• This is likely to be an issue on which the ALP’s union ties put the party in direct conflict with hospitality operators. The maintenance of high penalty rates and rigid conditions will not be a vote winner for the ALP among operators, particularly those in small venues who have to work weekends themselves in favour of rostering casuals for $30+/hour.

Is there a clear winner for hospitality? Not really. Depending on how you weight particular issues:

  • If you’re a publican paying company tax and earning >$2M per annum in revenues, the Coalition’s economic plan is a winner for you. If you’re an income tax exempt club organisation, there’s really no difference between the parties on tax.
  • Infrastructure policies of the two parties will benefit venues in key marginals, boosting incomes and spending power of construction and trades workers who represent a key market for hotels rather than clubs.
  • Neither of the major parties is running on a policy that will boost the funding available for commercial cookery or hospitality qualifications. In fact, both will likely crack down on rorts in the VET sector at the expense of funding and incentive programs for students and venues alike.
  • On tourism, if your venue is in the Yarra Valley or Dandenong Ranges – probably vote 1 Liberal as they commit funding to retain Latrobe and Casey. Otherwise, this is little distinction between the majors.
  • Workplace relations continues to be a source of frustration rather than the definitive issue it should be, with one side championing a system that is stacked against hospitality employers and the other still running scared a decade on from their failed overreach. Most SME employers would love to vote Liberal on this issue but may be jaded by the policies in recent years.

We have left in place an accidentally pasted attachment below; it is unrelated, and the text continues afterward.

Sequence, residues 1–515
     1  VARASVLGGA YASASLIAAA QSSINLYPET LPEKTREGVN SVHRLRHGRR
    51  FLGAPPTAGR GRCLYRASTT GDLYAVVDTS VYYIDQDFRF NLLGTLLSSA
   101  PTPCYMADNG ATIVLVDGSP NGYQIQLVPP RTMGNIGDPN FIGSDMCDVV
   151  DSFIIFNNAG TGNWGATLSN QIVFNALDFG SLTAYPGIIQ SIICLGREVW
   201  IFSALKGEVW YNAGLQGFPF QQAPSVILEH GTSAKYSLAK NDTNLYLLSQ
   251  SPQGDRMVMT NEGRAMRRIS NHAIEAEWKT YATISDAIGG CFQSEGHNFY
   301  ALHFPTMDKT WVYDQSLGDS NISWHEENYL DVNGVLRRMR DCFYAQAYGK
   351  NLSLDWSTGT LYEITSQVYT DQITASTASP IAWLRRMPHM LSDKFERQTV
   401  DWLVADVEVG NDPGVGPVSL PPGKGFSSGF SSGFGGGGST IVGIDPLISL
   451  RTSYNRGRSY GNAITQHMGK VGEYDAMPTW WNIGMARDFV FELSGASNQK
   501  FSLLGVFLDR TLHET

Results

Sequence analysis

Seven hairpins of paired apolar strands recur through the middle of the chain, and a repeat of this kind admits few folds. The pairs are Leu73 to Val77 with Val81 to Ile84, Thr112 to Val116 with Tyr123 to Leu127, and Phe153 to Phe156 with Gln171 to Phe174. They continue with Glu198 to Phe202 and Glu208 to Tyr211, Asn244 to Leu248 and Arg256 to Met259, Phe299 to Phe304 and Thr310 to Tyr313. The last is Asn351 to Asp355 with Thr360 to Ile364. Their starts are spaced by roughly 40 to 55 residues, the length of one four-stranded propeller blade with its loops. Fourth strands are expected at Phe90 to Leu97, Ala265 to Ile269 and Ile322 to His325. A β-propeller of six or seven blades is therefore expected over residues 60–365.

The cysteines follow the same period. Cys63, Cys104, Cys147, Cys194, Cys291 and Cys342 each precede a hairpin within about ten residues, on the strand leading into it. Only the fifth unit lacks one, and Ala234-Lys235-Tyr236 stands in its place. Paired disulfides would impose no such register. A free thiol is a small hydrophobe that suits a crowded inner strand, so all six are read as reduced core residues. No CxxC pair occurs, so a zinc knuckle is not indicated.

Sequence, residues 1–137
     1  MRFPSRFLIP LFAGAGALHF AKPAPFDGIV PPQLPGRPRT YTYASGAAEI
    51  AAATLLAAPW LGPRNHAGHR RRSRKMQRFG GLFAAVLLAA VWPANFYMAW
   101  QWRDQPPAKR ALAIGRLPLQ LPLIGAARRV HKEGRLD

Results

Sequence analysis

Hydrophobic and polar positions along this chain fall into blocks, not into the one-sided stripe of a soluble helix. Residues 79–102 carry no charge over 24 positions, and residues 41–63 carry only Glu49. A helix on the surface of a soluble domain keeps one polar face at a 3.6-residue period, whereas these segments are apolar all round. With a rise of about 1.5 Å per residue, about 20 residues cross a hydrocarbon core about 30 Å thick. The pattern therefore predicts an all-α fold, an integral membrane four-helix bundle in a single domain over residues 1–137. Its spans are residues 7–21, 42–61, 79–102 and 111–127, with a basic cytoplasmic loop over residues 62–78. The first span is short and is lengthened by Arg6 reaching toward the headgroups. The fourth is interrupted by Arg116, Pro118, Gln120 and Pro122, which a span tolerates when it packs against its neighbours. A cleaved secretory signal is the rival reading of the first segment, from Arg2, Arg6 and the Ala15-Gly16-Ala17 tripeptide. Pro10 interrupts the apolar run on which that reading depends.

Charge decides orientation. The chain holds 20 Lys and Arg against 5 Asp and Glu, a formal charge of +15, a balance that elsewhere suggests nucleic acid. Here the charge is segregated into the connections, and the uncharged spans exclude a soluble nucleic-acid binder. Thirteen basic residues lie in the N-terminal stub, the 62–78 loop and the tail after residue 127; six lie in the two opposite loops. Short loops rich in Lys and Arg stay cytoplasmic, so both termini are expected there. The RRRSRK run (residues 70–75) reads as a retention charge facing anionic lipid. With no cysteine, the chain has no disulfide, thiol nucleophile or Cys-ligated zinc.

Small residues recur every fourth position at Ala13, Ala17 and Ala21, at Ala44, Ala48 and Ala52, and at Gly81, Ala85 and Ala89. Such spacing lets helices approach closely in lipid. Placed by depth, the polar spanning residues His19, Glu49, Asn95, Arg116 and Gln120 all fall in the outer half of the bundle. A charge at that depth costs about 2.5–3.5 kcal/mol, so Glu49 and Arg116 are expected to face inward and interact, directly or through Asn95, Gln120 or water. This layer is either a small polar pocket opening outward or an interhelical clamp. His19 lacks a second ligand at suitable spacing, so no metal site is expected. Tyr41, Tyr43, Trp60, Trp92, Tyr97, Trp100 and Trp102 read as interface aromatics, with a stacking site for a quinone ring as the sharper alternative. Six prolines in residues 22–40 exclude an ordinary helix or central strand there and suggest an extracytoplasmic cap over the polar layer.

In all likelihood, unless you live in one of a dozen or so ‘in play’ marginal seats, your vote won’t make a huge difference. Internal polling on both sides has the Coalition winning a second term with a slightly reduced majority. The key thing, perhaps, is to be aware of the risk of the protest vote and the rise of minor parties and independents. Another cranky Senate will result in 3 more years of stalemates or, perhaps worse, if it’s close and there are a few Nick Xenophon Team (NXT) MPs in the lower house, we may see a weak minority government having to bargain with Xenophon to get legislation passed. God forbid.

As a firm, we’re not partisan. If you’re a publican, a Coalition government will be better for your after tax profits. If you’re in a growth area with new housing developments (think Pakenham, Sunbury), Labor’s negative gearing changes might work for you by spurring more new home construction. If you’re a club person, it’s neither here nor there. One thing is for certain, we should all be careful of the crazies in the minor parties who are seeking to block the next government’s policy initiatives at the expense of progress, jobs, investment, growth and stability.

LATEST NEWS

Get the latest hospitality industry news delivered direct to your inbox by signing up to the DWS
Newsletter.

See the latest tender notification for the authorised sale of gaming entitlements for Clubs here.

With certainty now obtained, small businesses will begin to transition to the new Sunday penalty rates across a range of awards, however, it is critical that you understand the rules and what you can do as this fiery issue rolls out.

The Get in the Game grants provide funding to support not-for-profit local sport and recreation organisations to create and provide access to participation opportunities for Queenslanders, encouraging people to become involved in sport and active recreation!

css.php